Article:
Wednesday, October 9, 2019

'Rampant Dragons', New Zealand armour in WW2

While away on a brief break between school terms, I made the obligatory visits to the local bookstores, and found this.

I have known Jeff for several decades, but our contact has been sporadic at best, and I was unaware that he had published this book, the first edition coming out in 2012. This is the story of New Zealand armoured units in World War 2. The physical production values are very high - this is a very high quality piece of production, a beautiful book. That quality is very appropriate because Jeff's work tells an important story in New Zealand's military history.

This is not the story of armoured divisions battling it out on the steppes, or the plains of northern France. This is the story of New Zealand men adapting to armoured warfare. Their story begins in the early days of New Zealand, spans a brief sojourn in the Pacific, and then into the middle east, before seeing them tackle terrain which all too often did not favour tanks as they fought in support of the New Zealand Division infantry battling north through Italy.

Jeff provides a solid narrative background, and builds the colour and the nature of the human experience through the words of the men themselves. His driving motivation lies initially with the experiences of his own father in North Africa. With this in mind he has spent what must have been countless hours interviewing the remaining survivors, gathering what is effectively an oral history archive that documents their experiences through the North African and Italian campaigns.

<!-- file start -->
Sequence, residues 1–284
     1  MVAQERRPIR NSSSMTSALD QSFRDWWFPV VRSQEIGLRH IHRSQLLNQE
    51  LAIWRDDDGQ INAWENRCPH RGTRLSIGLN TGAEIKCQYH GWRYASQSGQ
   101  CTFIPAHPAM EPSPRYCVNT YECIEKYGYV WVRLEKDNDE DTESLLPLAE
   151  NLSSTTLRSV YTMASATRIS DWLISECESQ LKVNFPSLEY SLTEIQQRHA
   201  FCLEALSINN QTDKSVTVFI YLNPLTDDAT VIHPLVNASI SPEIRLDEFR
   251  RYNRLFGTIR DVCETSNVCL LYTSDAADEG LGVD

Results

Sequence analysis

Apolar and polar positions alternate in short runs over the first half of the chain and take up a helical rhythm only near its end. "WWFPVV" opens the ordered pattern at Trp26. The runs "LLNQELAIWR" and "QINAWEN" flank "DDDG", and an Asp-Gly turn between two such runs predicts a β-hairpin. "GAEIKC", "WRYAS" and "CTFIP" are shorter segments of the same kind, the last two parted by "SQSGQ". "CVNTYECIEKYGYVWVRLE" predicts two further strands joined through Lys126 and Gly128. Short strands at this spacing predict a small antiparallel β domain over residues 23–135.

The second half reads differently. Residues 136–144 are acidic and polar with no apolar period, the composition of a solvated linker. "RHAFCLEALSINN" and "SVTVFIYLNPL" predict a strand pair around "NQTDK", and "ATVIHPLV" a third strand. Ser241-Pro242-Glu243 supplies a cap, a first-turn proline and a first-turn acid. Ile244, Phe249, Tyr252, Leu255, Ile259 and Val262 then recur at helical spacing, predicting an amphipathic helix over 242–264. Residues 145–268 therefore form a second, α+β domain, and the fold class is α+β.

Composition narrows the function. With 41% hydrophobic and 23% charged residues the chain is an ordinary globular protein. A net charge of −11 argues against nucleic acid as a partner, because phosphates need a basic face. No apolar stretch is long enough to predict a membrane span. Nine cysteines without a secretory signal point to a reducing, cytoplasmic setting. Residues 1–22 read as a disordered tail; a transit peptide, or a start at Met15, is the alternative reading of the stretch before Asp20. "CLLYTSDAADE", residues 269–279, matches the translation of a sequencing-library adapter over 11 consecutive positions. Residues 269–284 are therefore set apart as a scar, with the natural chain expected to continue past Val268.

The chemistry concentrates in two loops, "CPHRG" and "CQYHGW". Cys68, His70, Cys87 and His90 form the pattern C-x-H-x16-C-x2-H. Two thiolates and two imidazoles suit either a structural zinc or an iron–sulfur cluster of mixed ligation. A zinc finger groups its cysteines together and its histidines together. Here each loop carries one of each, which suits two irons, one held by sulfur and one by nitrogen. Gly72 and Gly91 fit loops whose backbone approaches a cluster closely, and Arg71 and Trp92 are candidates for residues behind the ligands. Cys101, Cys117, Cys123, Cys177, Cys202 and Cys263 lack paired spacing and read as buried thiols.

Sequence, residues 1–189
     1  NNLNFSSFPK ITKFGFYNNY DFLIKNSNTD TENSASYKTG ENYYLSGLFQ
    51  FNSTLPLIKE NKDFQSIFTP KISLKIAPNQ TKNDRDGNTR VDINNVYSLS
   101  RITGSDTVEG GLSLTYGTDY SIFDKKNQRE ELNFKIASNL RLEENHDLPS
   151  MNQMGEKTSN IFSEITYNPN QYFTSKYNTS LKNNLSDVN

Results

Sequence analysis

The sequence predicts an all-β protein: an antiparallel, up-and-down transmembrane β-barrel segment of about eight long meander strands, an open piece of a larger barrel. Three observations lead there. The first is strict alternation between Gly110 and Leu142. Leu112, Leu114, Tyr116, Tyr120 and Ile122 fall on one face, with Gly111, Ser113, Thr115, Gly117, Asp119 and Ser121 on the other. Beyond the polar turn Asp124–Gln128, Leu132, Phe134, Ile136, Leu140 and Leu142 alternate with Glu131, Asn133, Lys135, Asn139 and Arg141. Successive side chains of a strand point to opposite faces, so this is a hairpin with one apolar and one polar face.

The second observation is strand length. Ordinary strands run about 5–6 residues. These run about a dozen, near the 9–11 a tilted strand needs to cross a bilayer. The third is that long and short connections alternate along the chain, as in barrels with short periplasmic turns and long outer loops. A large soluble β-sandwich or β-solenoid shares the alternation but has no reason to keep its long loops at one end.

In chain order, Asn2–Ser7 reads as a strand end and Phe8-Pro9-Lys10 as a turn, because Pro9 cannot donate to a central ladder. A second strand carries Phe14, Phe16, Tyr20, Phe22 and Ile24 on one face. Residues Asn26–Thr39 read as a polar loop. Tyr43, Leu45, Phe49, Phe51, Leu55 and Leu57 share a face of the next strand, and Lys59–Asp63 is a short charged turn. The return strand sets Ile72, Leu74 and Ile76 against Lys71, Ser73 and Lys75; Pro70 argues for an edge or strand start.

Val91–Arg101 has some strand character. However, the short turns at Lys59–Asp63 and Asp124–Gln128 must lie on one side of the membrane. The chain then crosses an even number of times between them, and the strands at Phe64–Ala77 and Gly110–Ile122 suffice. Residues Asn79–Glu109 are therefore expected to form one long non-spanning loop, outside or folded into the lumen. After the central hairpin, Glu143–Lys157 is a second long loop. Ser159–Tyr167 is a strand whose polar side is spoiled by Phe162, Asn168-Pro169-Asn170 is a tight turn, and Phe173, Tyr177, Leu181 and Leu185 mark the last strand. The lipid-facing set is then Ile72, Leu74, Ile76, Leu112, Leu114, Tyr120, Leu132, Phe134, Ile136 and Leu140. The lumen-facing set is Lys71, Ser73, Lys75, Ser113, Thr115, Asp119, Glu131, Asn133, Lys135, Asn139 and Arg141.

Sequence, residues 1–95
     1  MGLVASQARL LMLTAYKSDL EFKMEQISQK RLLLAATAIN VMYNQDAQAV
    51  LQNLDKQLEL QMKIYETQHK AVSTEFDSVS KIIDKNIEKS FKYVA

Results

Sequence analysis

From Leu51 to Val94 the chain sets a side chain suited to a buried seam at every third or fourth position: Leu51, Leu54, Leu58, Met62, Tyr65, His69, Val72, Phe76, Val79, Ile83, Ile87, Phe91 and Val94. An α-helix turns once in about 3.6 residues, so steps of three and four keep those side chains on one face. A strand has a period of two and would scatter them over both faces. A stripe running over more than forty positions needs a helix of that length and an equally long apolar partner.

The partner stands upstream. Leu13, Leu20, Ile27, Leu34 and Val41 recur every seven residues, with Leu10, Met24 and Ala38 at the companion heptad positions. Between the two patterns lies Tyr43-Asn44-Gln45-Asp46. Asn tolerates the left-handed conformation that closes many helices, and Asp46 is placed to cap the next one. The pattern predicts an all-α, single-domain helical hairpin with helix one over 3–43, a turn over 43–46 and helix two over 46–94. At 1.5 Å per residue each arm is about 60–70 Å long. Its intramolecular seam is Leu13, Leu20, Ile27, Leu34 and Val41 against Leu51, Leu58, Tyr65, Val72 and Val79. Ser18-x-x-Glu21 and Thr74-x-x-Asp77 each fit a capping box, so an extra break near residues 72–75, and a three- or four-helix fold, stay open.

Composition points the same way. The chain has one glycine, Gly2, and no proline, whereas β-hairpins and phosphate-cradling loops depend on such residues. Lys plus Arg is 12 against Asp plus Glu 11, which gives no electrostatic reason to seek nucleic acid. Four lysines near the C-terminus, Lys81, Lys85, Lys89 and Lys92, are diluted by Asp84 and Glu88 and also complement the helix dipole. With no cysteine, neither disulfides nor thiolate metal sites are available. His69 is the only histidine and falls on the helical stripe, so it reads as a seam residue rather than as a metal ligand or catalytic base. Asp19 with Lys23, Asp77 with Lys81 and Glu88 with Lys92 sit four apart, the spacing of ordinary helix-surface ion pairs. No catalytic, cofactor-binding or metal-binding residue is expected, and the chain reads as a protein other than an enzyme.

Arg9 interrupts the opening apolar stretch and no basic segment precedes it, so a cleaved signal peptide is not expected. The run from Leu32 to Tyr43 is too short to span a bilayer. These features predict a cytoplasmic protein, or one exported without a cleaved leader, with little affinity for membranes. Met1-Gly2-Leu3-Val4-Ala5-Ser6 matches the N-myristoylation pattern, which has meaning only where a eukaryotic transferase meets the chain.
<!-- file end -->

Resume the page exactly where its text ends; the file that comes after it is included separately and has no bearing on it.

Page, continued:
It is an engaging and compelling story. As a former member the Royal New Zealand Armoured Corps, I have to say that I can't help feeling that Jeff's publisher has done this story, and Jeff's work, a gross disservice. I had no idea it existed until I found this copy remaindered on a book store shelf. I have no doubt that many ex and current serving members would have bought copies and supported what for us is an important record of the RNZAC legacy. I know I would have.

My only criticism, and it's relatively minor in the context, is that the editors needed to pay more attention to thorough proofing. There were too may typographical errors for my liking., That said, I was still finding typographical errors in my own best selling publication after three editions.

All I can say is thank you Jeff for creating this wonderful piece of work. I have ordered another of your works on the strength of this.

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